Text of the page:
Oprah's 'Belief' Series Claims Islamic Jihad Is Misunderstood

A girl holds up a sign during a rally by members of the Muslim community of Madrid outside Madrid's Atocha train station, January 11, 2015, in solidarity with the victims of a shooting by gunmen at the Paris offices of the satirical weekly newspaper Charlie Hebdo, and against Islamophobia. The words on the birds read, "Peace, Respect, Love, Tolerance and Coexistence". |

A segment on Oprah Winfrey's "Belief" series, which aired last week on the OWN network, focused on the concept of jihad, which a scholar said was one of the most misunderstood conceptions concerning the Islamic faith.

Varun Soni, the dean of Religious Life at the University of Southern California, spoke about Islam in the introductory video for the "Belief" segment, and asserted that many people wrongly believe jihad is connected to the "holy war" terrorists often talk about.

Soni further argued "there is nothing holy about war."

"What 'jihad' actually represents is an internal struggle, the battle that is raging in our own heart. And all of our religious traditions talk about that internal struggle. In that respect, jihad is not just a Muslim idea but it's a reality of the human condition," he said.

The seven-part series explored religious and spiritual belief around the world, and was shot at 33 different locations worldwide, taking over three years to complete.

"We felt privileged to film the Hajj and explore the beauty of Islam," Winfrey said in a Twitter message about the segment on Islam, referring to the pilgrimage to Mecca.

Organizations such as The Islamic Supreme Council of America have also asserted that, contrary to popular belief, jihad is "not a violent concept," and is not a deceleration of war against other religions.

"The concept of jihad has been hijacked by many political and religious groups over the ages in a bid to justify various forms of violence. In most cases, Islamic splinter groups invoked jihad to fight against the established Islamic order. Scholars say this misuse of jihad contradicts Islam," the website states.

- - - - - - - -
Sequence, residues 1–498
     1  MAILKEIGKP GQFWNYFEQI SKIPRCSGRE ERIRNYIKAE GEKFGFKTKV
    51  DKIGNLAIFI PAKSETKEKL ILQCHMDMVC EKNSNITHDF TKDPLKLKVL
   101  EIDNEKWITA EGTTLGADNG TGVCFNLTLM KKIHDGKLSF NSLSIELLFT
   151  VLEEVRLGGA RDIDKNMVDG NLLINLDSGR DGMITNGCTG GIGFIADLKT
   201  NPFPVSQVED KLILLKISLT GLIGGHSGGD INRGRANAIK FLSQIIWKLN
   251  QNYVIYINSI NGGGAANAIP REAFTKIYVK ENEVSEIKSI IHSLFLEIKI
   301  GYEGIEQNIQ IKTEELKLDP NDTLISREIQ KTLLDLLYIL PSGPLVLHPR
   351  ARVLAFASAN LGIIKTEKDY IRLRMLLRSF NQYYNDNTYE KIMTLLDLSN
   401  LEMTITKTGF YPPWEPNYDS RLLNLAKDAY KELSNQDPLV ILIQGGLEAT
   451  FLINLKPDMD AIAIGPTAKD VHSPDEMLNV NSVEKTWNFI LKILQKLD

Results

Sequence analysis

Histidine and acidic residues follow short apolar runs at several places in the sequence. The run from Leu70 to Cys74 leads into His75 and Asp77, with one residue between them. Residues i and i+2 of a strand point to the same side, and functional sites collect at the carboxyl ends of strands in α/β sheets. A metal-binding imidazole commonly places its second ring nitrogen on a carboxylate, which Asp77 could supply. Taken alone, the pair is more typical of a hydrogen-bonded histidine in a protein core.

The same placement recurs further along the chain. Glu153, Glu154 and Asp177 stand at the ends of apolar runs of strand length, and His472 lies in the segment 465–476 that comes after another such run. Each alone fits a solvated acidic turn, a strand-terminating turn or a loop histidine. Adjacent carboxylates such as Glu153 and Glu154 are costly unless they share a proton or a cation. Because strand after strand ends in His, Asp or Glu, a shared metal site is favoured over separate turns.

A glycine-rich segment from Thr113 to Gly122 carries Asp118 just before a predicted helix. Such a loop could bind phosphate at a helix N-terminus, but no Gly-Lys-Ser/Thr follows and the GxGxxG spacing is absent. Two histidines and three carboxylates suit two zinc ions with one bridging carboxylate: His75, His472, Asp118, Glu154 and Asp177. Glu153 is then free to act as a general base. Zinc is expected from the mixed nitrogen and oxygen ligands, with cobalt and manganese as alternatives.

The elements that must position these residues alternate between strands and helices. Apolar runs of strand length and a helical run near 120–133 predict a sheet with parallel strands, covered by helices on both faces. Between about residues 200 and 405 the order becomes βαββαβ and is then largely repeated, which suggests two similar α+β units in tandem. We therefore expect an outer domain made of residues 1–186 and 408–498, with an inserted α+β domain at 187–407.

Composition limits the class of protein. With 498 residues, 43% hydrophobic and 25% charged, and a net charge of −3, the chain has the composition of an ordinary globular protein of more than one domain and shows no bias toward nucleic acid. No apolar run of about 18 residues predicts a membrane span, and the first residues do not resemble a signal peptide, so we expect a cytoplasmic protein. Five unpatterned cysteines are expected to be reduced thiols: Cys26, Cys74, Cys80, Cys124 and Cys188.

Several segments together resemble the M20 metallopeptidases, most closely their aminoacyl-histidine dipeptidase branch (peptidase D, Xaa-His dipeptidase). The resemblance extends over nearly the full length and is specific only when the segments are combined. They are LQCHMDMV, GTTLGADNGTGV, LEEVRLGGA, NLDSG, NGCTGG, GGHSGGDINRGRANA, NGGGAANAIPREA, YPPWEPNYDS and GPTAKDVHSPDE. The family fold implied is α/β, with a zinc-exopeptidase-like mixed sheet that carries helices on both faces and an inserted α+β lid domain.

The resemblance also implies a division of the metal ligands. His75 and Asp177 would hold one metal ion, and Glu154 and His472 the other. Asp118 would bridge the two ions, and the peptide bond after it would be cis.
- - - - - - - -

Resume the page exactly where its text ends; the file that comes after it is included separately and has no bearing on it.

Some Evangelical Christians, such as the Rev. Franklin Graham, have criticized the "Belief" series for suggesting there are multiple paths to God.

"There are not many paths to God or to eternal life with Him. A personal relationship with Almighty God through His Son Jesus Christ is the only thing that can fill the void in the human heart," Graham wrote in a message in October, concerning the documentary.

He insisted that this is "not a matter of opinion," and added: "One way, one Savior, no exceptions."

Winfrey reportedly reached out to 100 faith leaders from Christianity, Islam, Judaism, Hinduism, and Sikhism for an advanced screening of the series before it premiered.

Najeeba Syeed-Miller, an assistant professor of interreligious education at the Claremont School of Theology, defended the show by saying that it attempts to portray an accurate picture of what people believe.

"There is an inherently pluralistic message, however, I do not think the series homogenizes the narratives of different traditions. This was a fear of mine," Syeed-Miller said. "This is avoided because the subjects are shown embedded in their context and articulate in their own deep connection to their individual traditions."

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